Running to keep fit or training for events?

Sports massage appointments available Mondays and Wednesdays 12pm-7pm with our sports therapist Karla Lambert.


5 x 30 Mins deep tissue/sports massages
for £100!!!


Find out how and why sports massage can be massively beneficial and should not be overlooked by runners.
Sports massage should be a vital part of a runner’s preparation. Massage can not only help the injured runner, but can also help with the avoidance of injury. Here’s a guide as to why sports massage should be a part of any runners routine.

Massage is beneficial to runners as it contributes in the following ways:

Maintains the body in better condition
Helps with injury prevention and loss of mobility
Restores mobility to injured muscle tissue
Can extend the overall length of a runner’s career
Boosts performance
Sports massage works through a combination of physical, physiological, and psychological processes. Here are some of the effects of sports massage on the runner:

Pumping blood and lymphatic fluids around the runner’s body
The stroking movements in massage suck fluid through blood vessels and lymph vessels. By increasing pressure in front of the stroke, a vacuum is created behind. This is especially important in tight or damaged muscle tissues, as a tight muscle will squeeze blood out like a sponge, depriving the tissues of vital nutrients and energy to repair.

Increasing a runner’s tissue permeability
Deep massage causes the pores in tissue membranes to open, enabling fluids and nutrients to pass through. This helps remove waste products such as lactic acid and encourages the runner’s muscles to take up oxygen and nutrients, which aid recovery.

Stretching effects
Massage can stretch tissues that could not be stretched by the usual methods. The bundles of muscle fibers (fasciculi) are stretched sideways as well as longitudinally. Massage can also stretch the sheath or fascia that surrounds the muscle, so releasing any tension or pressure build-up within.

Breaking down scar tissue
Scar tissue is the result of previous running injuries or trauma and can affect muscle, tendons and ligament flexibility. This can mean that these tissues are prone to injury and pain. Massage may not rid the body of the scar tissue completely, but should make the tissue more supple and flexible and therefore able to function normally.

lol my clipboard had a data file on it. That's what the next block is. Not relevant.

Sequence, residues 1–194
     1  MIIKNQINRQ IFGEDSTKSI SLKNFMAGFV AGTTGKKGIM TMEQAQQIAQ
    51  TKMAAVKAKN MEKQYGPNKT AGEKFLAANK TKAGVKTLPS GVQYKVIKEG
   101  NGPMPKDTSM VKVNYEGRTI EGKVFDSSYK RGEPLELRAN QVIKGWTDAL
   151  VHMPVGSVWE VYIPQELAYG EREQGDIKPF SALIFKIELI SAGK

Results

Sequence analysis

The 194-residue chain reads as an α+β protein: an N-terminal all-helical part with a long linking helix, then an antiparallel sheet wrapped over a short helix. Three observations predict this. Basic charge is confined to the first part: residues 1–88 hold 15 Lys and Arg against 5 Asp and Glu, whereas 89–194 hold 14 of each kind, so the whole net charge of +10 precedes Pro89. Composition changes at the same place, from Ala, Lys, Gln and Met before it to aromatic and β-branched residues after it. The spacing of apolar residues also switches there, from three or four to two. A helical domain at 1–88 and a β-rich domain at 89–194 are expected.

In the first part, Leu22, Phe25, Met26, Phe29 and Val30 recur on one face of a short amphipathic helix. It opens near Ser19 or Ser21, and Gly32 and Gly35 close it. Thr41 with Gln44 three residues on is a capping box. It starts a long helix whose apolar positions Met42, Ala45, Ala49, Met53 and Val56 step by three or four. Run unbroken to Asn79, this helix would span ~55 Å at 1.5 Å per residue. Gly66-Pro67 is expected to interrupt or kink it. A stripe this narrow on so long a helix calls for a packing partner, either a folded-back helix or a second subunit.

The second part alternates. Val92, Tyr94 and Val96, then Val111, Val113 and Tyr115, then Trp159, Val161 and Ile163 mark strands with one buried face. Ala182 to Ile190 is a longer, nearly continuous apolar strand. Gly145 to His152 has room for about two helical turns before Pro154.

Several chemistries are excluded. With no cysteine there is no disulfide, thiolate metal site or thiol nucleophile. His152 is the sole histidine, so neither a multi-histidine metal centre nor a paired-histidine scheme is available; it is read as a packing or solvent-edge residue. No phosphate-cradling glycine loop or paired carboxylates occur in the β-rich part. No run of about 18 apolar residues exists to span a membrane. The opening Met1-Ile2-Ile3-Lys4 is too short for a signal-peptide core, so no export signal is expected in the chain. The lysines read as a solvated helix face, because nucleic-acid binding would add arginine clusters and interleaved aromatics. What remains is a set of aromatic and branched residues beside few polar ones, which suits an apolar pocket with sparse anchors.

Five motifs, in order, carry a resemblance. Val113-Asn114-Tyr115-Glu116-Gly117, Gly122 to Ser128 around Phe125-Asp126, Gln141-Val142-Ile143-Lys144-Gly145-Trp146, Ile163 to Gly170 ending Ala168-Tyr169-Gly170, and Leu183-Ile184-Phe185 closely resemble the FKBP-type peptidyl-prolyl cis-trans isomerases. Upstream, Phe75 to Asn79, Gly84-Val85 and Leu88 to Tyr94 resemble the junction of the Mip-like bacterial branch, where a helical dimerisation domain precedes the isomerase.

Improving tissue elasticity
Running can make tissues hard and inelastic. This is one reason why hard training may not result in improvements. Massage helps reverse this by stretching the tissues and circulating blood and nutrients.

Opening microcirculation
Massage increases blood flow to tissues (although so does exercise, in fact probably more!) What massage also does though, is open or dilate the blood vessels by stretching them. This enables nutrients to pass through the runner’s body more easily.

Physiological effects of sports massage on the runner
Reduction of running pain
Tension and waste products in muscles can often cause pain. Massage helps reduce this in many ways, including releasing endorphins, the body’s natural painkillers.

Relaxing muscles
Muscles relax through the heat generated, circulation and stretching. Mechanoreceptors in the muscle, senses: touch, pressure, tissue length and warmth. When they are stimulated there is a reflex relaxation of the muscles.

Runner anxiety reduction
Through the effects mentioned above relaxation is induced and so reduces anxiety levels. Invigorating the runner’s mind If massage is done with brisk movements such as what would be done before an event, this can produces an invigorating feeling.

When should you have a sports massage?
Sports massage can be useful for recovery after a major event like a marathon, and can be employed immediately after, or a day or two after. The best results are obtained when the massage is performed regularly. Don’t have a deep massage the day before a big race as this could have the effect of making you tired and lethargic, or in some cases there could be muscle soreness which could impact on your performance

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